Professional poker players make a ton of decisions, quick ones too. The average hand takes just over two minutes and could have upwards of twenty decisions inside those two minutes, according to someone who ought to know – Annie Duke (One of the top professional poker players the past twenty years). I’m loving her new book Thinking in Bets.
Life is a lot more like poker than it is chess. There are finite moves in chess and everything is out in the open. There is no hidden information. The chance of you or I beating a world champion in a game of chess is slim to none and slim’s out of town. Yet, all day long, top professional poker players lose 30-40% of the time, oftentimes to far inferior amateurs who just got lucky. Life is a lot like poker, isn’t it?
We’re making bets all day long. If you’re a leader, you’re making more bets and some of them have big ramifications. You could say that the quality of your life comes down to the quality (and quantity) of your decisions and getting more lucky than not. Remember, the biggest difference between professional poker players and amateurs is the quantity of bets. Pro’s make way more decisions. Quality comes as they study, learn, and apply. Experience is the greatest teacher, if you learn from it, remember. Pro’s don’t focus on outcomes or resulting (poker word). Pro’s master the process and understand that you can do everything right and still have it all go wrong. Pro’s just keep working, and learning whether they’re winning or losing. Are you a pro, friend?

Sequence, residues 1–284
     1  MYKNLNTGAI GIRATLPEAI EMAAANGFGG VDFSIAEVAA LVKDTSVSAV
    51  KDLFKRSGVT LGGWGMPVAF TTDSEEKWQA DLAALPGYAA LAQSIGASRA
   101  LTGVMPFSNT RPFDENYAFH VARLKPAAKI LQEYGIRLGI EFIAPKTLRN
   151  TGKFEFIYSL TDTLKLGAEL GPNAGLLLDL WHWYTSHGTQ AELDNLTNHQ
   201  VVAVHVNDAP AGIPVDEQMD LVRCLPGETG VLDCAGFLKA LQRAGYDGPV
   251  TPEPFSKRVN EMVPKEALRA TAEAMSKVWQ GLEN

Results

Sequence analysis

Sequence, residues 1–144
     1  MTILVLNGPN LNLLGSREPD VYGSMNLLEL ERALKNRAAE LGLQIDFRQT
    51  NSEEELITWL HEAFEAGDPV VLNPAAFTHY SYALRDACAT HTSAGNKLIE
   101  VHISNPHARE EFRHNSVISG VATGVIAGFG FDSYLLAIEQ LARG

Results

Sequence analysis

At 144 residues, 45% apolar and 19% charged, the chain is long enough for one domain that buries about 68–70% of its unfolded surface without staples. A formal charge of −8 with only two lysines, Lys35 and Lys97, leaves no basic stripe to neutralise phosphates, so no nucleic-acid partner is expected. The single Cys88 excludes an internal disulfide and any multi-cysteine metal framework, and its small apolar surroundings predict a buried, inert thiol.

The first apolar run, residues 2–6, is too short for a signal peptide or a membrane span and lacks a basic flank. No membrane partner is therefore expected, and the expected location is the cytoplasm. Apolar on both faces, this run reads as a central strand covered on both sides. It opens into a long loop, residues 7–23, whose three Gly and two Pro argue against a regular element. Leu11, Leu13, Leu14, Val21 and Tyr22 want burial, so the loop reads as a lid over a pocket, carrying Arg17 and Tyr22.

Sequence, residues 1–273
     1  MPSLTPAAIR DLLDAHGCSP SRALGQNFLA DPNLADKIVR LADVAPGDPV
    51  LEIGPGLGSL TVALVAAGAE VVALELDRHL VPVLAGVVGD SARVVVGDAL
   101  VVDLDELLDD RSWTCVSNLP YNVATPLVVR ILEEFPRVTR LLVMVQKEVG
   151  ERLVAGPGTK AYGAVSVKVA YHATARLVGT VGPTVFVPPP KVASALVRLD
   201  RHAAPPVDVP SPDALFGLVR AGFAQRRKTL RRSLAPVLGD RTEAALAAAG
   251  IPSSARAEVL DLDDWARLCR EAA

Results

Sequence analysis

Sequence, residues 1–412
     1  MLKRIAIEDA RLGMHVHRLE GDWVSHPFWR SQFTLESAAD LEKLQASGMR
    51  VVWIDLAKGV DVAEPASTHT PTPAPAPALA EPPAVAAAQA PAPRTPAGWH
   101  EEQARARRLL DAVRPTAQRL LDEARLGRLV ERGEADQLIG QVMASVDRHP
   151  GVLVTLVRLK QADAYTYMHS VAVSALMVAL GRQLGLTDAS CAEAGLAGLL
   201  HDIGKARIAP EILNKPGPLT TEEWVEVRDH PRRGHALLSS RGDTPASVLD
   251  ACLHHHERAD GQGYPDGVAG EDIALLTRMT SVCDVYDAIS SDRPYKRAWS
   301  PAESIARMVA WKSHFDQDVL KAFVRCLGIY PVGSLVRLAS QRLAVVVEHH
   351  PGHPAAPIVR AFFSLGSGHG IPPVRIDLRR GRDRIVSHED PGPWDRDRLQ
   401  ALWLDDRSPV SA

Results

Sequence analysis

I’m devouring Annies book and learning a ton about decision making, my own and those of my clients. Every single one of them would benefit from studying Annie’s research and extrapolating it to their work. Most of my clients suffer from the amateur poker player mindset – they are not making enough bets (decisions). They are waiting for the perfect hand, the right timing, or a few more chips. I’ll recommend it to all of ‘em. Most will nod their head in agreement that it sounds like a good read. Some will buy the book. A few will actually start to read it too. Only one or two will finish it, write in it, think about it, and use it to improve themselves and their teams. Fact.
Wanna make a bet?